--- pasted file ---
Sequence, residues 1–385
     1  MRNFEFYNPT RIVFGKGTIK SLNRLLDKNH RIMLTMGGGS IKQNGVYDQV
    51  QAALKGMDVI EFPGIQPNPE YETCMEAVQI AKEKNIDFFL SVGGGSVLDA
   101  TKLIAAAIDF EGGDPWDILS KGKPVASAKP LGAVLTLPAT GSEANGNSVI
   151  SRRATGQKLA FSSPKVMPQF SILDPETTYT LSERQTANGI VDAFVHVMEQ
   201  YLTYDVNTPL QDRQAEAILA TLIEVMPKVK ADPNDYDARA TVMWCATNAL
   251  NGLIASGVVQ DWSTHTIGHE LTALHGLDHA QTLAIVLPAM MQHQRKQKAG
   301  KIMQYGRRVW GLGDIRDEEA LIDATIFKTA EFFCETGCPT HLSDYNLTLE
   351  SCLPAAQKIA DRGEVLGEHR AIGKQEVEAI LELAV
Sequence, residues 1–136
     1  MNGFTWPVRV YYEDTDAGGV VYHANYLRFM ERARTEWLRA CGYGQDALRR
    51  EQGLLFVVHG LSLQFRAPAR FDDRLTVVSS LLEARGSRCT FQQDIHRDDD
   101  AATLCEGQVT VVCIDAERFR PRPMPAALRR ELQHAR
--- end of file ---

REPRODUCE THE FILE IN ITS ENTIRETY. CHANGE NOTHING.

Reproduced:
Sequence, residues 1–385
     1  MRNFEFYNPT RIVFGKGTIK SLNRLLDKNH RIMLTMGGGS IKQNGVYDQV
    51  QAALKGMDVI EFPGIQPNPE YETCMEAVQI AKEKNIDFFL SVGGGSVLDA
   101  TKLIAAAIDF EGGDPWDILS KGKPVASAKP LGAVLTLPAT GSEANGNSVI
   151  SRRATGQKLA FSSPKVMPQF SILDPETTYT LSERQTANGI VDAFVHVMEQ
   201  YLTYDVNTPL QDRQAEAILA TLIEVMPKVK ADPNDYDARA TVMWCATNAL
   251  NGLIASGVVQ DWSTHTIGHE LTALHGLDHA QTLAIVLPAM MQHQRKQKAG
   301  KIMQYGRRVW GLGDIRDEEA LIDATIFKTA EFFCETGCPT HLSDYNLTLE
   351  SCLPAAQKIA DRGEVLGEHR AIGKQEVEAI LELAV
Sequence, residues 1–136
     1  MNGFTWPVRV YYEDTDAGGV VYHANYLRFM ERARTEWLRA CGYGQDALRR
    51  EQGLLFVVHG LSLQFRAPAR FDDRLTVVSS LLEARGSRCT FQQDIHRDDD
   101  AATLCEGQVT VVCIDAERFR PRPMPAALRR ELQHAR